The heat is on: How high temperatures are impacting workers and the global economy


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In July, the world experienced the hottest days and week on record, with extreme and dangerous heat occurring in the Southern and Southwestern United States,  North Africa, Southern Europe, and India at the end of June. This follows a spring where Spain and North Africa set new records for high temperatures.


These heat waves highlight that exposure to extreme temperatures will be one of the most widespread consequences of climate change, affecting billions of people around the world in the coming decades. The most severe heat will occur in some of the most populated parts of the world.

Exposure to extreme heat has negative consequences for human well-being, including increased mortality and morbidity. The health impacts of these heat waves are largest in lower income countries, which are most exposed to future increases in temperature.

But the consequences of exposure to extreme heat are not limited to health effects. Workers exposed to extreme heat are directly affected in ways that harm their productivity and ultimately reduce economic activity. 

These effects can broadly be classified into three categories:

  1. Impacts on worker productivity
  2. Impacts on worker attendance or labor supply
  3. Impacts on worker safety

Research shows that exposure to extreme heat reduces worker productivity, not only for outdoor occupations like agriculture and construction, but also for indoor industries like manufacturing and transportation.

Many manufacturing jobs take place in non-climate-controlled environments, which can negatively impact worker productivity. The effects of heat on productivity occur in both high- and low-income countries, with more severe impacts lower-income settings. These effects can be significant, with plant level output in India reduced by as much as 3.5% in years with temperatures 1°C higher, and output in car manufacturing facilities in the United States 8% lower in weeks with six 90°F days. These declines in productivity result in lower wages for workers.

Even white-collar workers can be negatively affected by heat, with judges, financial traders, and government officials being less efficient on hotter days.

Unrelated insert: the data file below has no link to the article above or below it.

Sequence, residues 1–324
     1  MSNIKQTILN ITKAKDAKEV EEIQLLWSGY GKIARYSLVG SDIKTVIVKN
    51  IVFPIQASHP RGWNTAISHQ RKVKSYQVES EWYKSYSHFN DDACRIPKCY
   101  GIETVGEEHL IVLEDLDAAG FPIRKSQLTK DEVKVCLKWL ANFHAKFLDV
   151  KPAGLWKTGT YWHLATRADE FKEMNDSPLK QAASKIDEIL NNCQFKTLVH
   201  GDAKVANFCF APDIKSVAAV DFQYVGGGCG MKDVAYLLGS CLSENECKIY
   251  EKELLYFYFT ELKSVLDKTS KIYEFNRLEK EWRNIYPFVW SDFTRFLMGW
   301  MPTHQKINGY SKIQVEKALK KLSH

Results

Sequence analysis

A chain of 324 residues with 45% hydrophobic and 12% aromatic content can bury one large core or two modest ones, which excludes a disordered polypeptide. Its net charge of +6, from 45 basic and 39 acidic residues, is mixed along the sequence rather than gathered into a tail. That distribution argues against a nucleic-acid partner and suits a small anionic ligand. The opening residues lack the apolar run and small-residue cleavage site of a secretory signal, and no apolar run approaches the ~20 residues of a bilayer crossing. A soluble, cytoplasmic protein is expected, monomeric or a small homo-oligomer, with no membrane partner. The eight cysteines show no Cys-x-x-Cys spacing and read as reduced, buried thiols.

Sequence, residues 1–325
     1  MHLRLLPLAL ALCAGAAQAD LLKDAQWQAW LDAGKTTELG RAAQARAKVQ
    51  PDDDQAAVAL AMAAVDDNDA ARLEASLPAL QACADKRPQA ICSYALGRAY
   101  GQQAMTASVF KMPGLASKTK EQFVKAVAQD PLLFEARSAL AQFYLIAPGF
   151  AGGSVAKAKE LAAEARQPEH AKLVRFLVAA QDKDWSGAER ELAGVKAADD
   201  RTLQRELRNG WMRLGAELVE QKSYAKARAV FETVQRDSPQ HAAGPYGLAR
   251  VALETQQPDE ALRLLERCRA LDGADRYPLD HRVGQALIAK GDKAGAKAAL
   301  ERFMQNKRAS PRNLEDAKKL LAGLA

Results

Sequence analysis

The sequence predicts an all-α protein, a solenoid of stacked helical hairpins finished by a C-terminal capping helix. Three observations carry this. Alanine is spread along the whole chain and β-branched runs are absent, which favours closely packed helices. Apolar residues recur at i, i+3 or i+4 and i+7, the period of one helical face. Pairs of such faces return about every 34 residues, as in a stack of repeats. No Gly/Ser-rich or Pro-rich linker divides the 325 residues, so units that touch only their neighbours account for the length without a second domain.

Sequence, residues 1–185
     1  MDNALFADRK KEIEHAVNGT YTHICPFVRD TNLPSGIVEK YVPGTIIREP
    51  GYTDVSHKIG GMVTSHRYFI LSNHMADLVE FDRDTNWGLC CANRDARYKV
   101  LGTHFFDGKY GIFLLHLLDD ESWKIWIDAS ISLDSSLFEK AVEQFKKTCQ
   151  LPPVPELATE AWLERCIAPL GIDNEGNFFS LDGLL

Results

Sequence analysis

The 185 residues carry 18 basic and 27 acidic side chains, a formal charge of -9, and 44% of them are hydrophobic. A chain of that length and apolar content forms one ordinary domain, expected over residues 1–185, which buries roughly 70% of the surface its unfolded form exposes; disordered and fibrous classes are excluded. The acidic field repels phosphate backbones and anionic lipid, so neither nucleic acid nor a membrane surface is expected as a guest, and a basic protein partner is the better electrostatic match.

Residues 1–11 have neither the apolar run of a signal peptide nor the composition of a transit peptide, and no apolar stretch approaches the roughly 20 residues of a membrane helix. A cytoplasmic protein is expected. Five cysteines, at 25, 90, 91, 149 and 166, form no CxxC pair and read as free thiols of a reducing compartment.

Heat reduces work hours for some people, with workers in outdoor industries reducing their hours by around 13% on the hottest days. This effect is similar across countries and is driven by increasing fatigue as workers spend more time in high temperatures. Workers with more flexibility in setting their schedules respond more to heat, highlighting an important potential adaptation of shifting the timing of work.

Fatigue from heat can also lead to increased workplace injuries, including non-heat-related injuries like falling off a ladder or being injured by machinery. Using comprehensive data on 20 years of workplace injuries, we find that working on days over 100F increases the incidence of non-heat-related injuries by up to 6%, which is more consequential for worker well-being due to the higher baseline incidence of non-heat-related injuries. Heat-related injuries are more common among lower-income workers. 

Impact of hot days on workplace injuries (from Park, Pankratz, and Behrer (2021)
Impact of hot days on workplace injuries (from Park, Pankratz, and Behrer (2021): The left panel indicates the impact of hot days on injuries that are coded as being related to heat directly (i.e. dehydration) while the right panel shows the impact on all other injuries.

But it is not all bad news. A policy change requiring firms to provide shade, water, and rest breaks depending on the daily maximum temperature substantially reduced the impact of heat on workplace injuries. This suggests that policy tools can help encourage adaptation to heat exposure and reduce its negative impacts.

Impact of heat on injuries before and after policy implementation (from Park, Pankratz, and Behrer (2021)
Impact of heat on injuries before and after policy implementation (from Park, Pankratz, and Behrer (2021): The light dots indicate the estimated impact of heat on workplace injuries prior to the implementation of a policy designed to protect workers in 2005. The dark dots indicate the estimated impact of heat on workers after the policy was implemented.

The negative impacts of heat on workers result in a reduction in output and production across the economy. Numerous studies have found that GDP is lower in hotter years and that these effects persist over time. While estimates of the impacts of heat vary, there is some convergence towards estimates that indicate a 1C hotter year results in a 2% decline in overall economic activity. Reductions in worker productivity may be a substantial component of this loss in output.

Increased exposure to extreme heat will become an increasingly consequential fact of life for billions of people as the world warms. This heat will have negative health consequences but – because the health impacts are concentrated most among the young and old, who are collectively a minority of the world’s population – its negative impacts on workers are likely to affect many more people . These workplace impacts will result in lower wages, decreased safety at work, and an overall reduction in economic activity. Finding ways to productively adapt workplaces to this increased heat burden will therefore be an essential component of the world’s response to climate change.


Patrick Behrer

Economist, Development Research Group

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